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Evidence-based mental health and psychosocial support in humanitarian settings: gaps and opportunities
  1. Wietse A Tol1,
  2. Mark van Ommeren2
  1. 1Global Health Initiative, Yale University (New Haven, CT) & HealthNet TPO, Amsterdam, The Netherlands
  2. 2Department of Mental Health and Substance Abuse, World Health Organization, Geneva, Switzerland
  1. Correspondence to Wietse A Tol, Global Health Initiative, Yale University (New Haven, CT) Hillhouse Avenue, New Haven, CT 06520-8206; wietse.tol{at}

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Research in humanitarian settings – referred to here as areas affected by disasters and armed conflicts – has shown diverse impacts of such crises on the mental health and psychosocial well-being of populations. These consequences range from resilience (good mental health despite exposure to significant adversity), non-disordered psychological distress, to increased mental disorders, including anxiety (eg, post-traumatic stress disorder (PTSD)), depressive, and substance use disorders.1,,3 In addition, mental health practitioners in humanitarian settings frequently encounter people with severe pre-existing neuropsychiatric disorders (eg, psychotic disorders and epilepsy).4 Moreover, disasters and armed conflicts have been shown to impact the social conditions that shape mental health, through increased poverty, threats to human rights, domestic and community violence and changed social relations.5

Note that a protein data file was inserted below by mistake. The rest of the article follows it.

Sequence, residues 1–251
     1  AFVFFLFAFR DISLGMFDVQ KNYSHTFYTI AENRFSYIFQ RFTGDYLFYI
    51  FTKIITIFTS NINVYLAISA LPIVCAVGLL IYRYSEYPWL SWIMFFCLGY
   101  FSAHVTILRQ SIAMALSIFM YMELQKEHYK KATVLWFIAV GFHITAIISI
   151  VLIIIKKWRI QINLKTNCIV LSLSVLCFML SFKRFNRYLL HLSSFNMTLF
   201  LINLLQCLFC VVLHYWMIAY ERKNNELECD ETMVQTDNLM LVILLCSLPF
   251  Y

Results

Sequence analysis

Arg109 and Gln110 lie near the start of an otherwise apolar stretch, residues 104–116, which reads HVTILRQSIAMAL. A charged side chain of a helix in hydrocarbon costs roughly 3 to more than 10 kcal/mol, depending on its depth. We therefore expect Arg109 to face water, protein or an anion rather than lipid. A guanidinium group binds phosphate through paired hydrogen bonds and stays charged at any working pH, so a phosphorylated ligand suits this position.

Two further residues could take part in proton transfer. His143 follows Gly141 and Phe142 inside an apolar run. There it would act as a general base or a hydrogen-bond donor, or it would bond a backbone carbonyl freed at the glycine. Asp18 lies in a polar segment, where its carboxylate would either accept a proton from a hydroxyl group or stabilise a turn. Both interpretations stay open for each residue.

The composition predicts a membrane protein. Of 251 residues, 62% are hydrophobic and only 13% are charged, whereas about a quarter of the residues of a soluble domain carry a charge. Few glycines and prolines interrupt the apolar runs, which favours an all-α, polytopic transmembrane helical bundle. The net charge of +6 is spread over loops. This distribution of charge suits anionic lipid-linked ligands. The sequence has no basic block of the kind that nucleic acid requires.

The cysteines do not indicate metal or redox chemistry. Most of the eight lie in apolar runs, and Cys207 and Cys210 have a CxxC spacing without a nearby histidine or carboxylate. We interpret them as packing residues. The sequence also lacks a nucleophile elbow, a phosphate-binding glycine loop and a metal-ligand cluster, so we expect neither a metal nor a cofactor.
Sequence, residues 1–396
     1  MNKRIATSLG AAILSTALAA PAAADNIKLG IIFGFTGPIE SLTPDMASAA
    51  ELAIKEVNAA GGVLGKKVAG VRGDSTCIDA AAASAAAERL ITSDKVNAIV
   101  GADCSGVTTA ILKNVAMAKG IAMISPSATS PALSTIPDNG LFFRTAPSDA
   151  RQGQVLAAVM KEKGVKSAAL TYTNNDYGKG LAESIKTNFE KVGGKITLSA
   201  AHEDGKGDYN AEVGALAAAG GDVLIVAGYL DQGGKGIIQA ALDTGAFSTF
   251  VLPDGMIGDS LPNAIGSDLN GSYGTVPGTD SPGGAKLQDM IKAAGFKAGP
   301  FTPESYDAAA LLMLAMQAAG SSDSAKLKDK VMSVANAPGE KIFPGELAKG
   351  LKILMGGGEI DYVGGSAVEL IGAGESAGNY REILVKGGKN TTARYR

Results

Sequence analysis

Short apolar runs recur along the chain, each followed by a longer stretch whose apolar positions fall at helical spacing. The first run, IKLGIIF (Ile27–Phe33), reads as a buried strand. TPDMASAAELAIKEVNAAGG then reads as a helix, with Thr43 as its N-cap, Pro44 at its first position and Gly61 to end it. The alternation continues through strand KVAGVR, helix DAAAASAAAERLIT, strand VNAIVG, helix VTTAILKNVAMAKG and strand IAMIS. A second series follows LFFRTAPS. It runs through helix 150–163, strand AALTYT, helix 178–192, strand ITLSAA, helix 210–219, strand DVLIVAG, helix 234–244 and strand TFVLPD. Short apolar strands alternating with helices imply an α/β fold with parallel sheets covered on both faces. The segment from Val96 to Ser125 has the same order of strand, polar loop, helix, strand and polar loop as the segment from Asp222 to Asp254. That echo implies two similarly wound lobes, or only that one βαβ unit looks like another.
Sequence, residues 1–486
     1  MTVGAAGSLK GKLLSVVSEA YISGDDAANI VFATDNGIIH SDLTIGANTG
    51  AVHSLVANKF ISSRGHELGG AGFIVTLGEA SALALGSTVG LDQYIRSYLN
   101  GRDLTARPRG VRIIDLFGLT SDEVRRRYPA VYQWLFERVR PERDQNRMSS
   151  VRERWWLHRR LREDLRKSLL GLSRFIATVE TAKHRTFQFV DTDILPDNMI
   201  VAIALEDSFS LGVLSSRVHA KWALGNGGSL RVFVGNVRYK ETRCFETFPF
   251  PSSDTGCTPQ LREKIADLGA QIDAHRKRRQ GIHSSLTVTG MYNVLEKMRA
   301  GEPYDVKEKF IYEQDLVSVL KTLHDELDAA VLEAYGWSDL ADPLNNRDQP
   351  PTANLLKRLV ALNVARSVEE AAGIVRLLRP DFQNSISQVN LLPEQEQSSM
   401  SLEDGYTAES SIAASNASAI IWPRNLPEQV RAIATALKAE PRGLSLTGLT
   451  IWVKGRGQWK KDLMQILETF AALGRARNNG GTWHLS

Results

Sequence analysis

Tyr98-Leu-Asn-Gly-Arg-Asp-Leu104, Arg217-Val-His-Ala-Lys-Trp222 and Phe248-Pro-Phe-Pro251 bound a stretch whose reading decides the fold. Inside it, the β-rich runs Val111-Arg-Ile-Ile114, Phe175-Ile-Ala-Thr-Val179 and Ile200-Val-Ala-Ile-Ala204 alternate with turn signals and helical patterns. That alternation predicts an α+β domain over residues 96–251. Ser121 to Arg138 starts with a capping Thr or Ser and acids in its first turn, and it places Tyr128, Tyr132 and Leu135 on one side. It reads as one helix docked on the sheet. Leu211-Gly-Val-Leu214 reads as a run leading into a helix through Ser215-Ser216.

To address negative impacts, mental health and psychosocial support (MHPSS) programmes are increasingly a standard component of humanitarian response. MHPSS has been defined as ‘any type of local or outside support that aims to protect or promote psychosocial well-being and/or prevent or treat mental disorder’.6 There appears to be increasing consensus on best practices, as indicated by the publication of two sets of international guidelines; the 2007 Inter-Agency Standing Committee Guidelines on Mental Health and Psychosocial Support in Emergency Settings6 and the 2011 Sphere Handbook.7

In this editorial, we discuss the emerging field of MHPSS from the perspective of evidence-based practice. We describe challenges to evidence-based MHPSS practice, and highlight areas where concerted action may either (A) improve the quality of MHPSS programming (by basing decision-making on research findings) and/or (B) improve MHPSS research efforts (by making the pursuit of reliable and valid knowledge more responsive to needs of affected populations). We structure the discussion in accordance with steps of the programme cycle where empirical evidence may support decision-making, that is needs …

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  • Competing interests None.